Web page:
The Pharmaceutical Industry's Transition To Electronic ProcessesSource: MasterControl
Any account, however brief, of the pharmaceutical industry’s transition to electronic processes would be incomplete without first mentioning the International Conference on Harmonisation (ICH). The ICH was formed in 1989 to standardize formats for new drug applications in the U.S., Europe, and Japan (at that time, the majority of new medicines were developed by these countries). The ICH not only established the common technical document (CTD) format, but, as early as 1994, began developing the Electronic Standards for the Transfer of Regulatory Information (ESTRI) to meet the requirements of both pharmaceutical companies and regulatory agencies.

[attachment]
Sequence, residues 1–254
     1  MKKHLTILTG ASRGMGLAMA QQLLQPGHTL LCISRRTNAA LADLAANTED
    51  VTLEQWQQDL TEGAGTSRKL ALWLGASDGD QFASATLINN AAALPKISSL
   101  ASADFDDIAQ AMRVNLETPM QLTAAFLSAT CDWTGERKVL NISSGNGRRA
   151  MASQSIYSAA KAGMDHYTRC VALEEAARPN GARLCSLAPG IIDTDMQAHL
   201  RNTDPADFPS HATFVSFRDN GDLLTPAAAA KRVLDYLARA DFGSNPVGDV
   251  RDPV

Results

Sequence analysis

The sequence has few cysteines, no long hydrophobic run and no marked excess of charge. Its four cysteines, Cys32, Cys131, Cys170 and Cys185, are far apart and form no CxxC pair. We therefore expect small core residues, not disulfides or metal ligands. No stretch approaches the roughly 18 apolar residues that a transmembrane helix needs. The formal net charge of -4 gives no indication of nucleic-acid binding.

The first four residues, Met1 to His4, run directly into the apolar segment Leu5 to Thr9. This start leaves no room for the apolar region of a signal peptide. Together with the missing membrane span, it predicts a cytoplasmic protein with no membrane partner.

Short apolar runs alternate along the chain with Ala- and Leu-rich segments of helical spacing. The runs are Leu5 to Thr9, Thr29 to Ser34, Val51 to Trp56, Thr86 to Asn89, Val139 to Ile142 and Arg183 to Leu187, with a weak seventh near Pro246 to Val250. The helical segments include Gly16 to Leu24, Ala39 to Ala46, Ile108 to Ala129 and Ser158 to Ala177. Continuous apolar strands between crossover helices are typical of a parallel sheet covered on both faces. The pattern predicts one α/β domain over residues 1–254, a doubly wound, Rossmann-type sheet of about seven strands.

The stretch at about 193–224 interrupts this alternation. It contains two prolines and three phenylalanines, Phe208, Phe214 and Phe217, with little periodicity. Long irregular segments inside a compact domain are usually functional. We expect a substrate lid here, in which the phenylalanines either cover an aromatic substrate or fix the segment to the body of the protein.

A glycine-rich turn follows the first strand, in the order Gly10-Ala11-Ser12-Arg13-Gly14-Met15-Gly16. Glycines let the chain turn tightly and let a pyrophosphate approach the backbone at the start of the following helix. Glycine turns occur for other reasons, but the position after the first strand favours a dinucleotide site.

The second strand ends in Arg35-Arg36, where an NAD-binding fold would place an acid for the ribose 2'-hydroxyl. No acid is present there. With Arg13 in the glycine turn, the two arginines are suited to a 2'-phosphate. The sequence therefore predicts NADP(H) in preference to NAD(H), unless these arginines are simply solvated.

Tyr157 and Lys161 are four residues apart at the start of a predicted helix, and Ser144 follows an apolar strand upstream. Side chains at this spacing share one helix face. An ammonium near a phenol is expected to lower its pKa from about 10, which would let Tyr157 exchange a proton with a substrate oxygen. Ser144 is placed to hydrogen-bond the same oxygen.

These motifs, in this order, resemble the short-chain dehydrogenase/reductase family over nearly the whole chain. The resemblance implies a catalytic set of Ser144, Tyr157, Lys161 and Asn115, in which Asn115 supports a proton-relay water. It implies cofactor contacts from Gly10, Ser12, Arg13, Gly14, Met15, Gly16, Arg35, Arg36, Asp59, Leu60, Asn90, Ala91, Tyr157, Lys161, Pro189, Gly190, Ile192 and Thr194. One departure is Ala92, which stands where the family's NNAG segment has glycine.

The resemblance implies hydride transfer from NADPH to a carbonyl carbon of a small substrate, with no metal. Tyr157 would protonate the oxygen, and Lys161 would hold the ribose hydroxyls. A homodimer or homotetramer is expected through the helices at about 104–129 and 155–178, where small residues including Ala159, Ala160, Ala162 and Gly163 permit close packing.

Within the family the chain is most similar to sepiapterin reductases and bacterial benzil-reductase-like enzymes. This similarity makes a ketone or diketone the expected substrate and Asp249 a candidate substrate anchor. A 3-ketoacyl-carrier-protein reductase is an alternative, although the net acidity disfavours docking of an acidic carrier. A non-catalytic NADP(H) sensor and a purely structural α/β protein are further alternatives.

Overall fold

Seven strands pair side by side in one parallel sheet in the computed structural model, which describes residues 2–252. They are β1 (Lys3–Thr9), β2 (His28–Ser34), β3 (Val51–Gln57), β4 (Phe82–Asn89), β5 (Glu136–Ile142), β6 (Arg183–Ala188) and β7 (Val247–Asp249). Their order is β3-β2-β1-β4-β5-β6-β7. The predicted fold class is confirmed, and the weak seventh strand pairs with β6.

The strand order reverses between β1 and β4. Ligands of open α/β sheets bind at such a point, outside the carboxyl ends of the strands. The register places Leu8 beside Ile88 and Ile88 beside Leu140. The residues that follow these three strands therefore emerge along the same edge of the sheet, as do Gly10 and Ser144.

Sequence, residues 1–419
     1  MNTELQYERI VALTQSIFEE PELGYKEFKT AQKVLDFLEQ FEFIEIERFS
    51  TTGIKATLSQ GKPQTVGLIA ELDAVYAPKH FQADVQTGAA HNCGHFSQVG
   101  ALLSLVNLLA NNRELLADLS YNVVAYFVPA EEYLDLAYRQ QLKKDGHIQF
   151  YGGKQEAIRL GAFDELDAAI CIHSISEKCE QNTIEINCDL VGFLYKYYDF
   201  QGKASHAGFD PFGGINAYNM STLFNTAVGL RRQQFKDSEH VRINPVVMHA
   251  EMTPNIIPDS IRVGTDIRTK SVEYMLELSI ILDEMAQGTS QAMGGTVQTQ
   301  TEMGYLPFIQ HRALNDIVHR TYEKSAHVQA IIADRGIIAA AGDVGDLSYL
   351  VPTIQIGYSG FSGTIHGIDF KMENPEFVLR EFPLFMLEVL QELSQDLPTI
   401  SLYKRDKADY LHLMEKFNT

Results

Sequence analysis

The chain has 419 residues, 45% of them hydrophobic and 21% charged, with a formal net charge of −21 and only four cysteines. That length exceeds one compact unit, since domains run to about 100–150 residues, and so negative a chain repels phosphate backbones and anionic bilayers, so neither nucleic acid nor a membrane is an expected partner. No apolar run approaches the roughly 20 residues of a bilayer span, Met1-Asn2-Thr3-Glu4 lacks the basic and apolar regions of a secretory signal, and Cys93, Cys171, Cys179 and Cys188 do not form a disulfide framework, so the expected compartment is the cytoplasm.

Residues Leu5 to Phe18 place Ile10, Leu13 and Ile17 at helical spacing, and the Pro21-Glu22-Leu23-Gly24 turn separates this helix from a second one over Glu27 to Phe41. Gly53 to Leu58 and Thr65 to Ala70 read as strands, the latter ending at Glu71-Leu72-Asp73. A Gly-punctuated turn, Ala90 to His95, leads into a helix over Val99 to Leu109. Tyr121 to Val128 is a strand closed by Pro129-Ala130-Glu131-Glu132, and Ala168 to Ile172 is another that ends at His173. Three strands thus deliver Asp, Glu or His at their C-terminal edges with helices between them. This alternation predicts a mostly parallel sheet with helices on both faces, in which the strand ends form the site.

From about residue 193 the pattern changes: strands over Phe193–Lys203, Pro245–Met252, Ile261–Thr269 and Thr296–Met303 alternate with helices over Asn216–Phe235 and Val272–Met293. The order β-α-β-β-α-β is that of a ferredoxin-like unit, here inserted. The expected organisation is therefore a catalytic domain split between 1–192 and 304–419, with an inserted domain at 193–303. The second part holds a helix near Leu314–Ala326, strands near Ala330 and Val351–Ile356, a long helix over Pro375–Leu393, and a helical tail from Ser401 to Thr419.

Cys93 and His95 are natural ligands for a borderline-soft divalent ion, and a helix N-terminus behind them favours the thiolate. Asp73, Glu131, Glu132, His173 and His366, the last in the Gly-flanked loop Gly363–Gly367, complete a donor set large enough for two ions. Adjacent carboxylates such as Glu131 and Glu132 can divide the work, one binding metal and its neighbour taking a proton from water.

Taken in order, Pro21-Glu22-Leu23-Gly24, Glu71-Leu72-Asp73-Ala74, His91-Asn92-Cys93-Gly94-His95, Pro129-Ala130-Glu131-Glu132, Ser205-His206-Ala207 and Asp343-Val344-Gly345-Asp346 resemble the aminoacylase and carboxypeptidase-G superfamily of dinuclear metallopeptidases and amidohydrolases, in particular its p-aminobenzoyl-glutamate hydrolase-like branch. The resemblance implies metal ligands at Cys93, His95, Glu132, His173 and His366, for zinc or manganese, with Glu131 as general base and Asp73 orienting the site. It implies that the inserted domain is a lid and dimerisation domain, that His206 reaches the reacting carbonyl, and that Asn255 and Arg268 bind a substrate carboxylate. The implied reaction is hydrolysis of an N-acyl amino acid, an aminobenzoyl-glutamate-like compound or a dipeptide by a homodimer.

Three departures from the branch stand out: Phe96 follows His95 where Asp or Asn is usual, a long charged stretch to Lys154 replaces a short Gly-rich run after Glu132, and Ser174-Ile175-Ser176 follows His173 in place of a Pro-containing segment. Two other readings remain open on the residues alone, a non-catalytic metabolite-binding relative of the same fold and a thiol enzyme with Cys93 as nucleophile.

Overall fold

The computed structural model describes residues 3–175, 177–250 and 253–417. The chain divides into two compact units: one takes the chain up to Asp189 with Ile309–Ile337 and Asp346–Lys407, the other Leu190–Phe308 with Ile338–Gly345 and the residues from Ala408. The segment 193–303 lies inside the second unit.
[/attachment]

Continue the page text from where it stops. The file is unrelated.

This planted the seed for what, a few years later, would blossom into a full-fledged effort on the part of the FDA (and other regulatory agencies) to encourage pharmaceutical companies to abandon their manual, paper-based processes in favor of modern technology. This hoped for transformation held the promise of revolutionizing the development of new drugs. Although many pharmaceutical companies were quick to see the benefits and initiate change, others, for reasons that seem short-sighted, chose to look the other way.